Russia has made it illegal to publish memes of President Vladimir Putin or celebrities. Russian media and telecom regulator Roskomnadzor has announced that you may be dragged to court if you publish memes that portray real people that does not “reflect their personality.” Cursing in all forms of media is already outlawed in Russia. This new restriction has made things worse, at least for Russian meme lovers.
Russia further tightens up the Internet laws
Moscow has been tightening up its Internet laws for the past few years. In 2014, Moscow made it mandatory for bloggers to register with the government to get rid of anonymous blogs. The controversial ruling came after a court ruled that Russian romantic singer Valeri Syutkin had his privacy violated by a meme. The meme in question featured him and the text BBPE, which is a line from another Russian artist Nambavan’s song.
BBPE is the short form of “Bei Babu Po Ebalu,” which means “Smack the bitch in the Face.” The meme had initially targeted many Russian celebrities before Valeri Syutkin eventually became the face of it. Banning memes isn’t a new policy, though, according to Caitlin Dewey of The Washington Post. Roskomnadzor simply updated its personal data laws after the court ruled in Syutkin’s favor.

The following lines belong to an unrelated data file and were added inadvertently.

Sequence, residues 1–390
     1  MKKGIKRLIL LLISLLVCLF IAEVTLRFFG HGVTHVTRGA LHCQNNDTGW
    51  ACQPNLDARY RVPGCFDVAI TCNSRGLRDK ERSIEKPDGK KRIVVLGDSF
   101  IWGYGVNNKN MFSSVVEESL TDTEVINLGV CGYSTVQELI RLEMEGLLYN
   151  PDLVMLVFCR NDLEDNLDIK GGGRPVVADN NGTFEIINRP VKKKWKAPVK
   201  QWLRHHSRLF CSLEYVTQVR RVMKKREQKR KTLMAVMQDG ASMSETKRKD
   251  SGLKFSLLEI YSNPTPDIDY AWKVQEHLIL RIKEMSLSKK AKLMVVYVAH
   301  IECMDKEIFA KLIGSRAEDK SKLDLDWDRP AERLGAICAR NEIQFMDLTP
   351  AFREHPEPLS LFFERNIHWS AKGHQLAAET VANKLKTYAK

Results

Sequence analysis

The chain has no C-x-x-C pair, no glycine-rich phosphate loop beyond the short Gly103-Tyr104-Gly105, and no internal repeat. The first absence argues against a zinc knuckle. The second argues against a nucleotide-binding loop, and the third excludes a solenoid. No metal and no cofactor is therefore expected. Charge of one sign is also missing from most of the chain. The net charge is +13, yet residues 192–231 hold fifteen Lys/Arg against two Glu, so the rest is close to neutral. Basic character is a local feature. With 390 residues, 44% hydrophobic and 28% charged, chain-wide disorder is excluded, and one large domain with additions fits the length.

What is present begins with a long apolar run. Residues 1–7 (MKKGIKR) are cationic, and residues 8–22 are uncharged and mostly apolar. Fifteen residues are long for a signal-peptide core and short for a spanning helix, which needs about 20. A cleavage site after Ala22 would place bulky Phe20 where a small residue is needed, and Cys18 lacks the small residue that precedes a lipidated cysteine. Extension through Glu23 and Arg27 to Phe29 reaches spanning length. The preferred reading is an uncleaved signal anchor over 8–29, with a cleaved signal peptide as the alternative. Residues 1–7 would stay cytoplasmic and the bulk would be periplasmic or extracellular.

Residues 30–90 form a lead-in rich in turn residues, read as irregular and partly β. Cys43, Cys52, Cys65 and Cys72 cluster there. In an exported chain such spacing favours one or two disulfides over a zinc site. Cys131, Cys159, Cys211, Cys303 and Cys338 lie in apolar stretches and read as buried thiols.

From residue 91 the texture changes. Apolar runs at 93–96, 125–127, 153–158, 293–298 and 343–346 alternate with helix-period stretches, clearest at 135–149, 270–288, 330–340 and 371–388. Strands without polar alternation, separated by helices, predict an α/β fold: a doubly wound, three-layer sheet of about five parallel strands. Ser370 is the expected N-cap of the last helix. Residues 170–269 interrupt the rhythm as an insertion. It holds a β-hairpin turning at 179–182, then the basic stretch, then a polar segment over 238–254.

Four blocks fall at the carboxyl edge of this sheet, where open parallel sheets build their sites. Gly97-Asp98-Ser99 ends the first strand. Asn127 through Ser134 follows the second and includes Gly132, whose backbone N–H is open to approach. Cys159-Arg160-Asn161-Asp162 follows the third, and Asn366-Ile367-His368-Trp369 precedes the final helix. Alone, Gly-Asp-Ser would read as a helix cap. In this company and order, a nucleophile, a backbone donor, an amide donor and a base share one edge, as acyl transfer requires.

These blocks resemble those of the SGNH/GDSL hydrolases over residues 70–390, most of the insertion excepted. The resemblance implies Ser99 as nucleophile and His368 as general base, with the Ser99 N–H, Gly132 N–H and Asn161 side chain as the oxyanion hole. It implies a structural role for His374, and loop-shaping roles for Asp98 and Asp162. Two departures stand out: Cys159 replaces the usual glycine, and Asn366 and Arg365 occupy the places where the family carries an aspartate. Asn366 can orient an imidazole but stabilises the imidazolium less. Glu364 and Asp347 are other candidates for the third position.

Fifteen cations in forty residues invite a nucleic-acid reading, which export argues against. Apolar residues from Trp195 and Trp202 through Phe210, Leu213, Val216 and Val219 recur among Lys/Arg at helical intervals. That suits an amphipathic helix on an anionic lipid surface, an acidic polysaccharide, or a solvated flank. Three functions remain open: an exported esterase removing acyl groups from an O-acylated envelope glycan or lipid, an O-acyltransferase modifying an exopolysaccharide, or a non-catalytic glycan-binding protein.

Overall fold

Russia gives websites two choices
Russia has also banned parody websites and accounts. If a public figure believes that a parody or meme has been made about them, they will have to report it to the Roskomnadzor, which can in turn file claims in court. Websites publishing such memes are given two choices: block the offending content or your website will get blocked across the country.
It is still unclear to what extent the Russian Internet will be affected. If the new policy is enforced, it will have huge implications on Russian meme lovers. According to a recent study, about 33% of the Internet’s most popular English-language memes depict a specific person. Now try to figure out the number of memes that depict Vladimir Putin.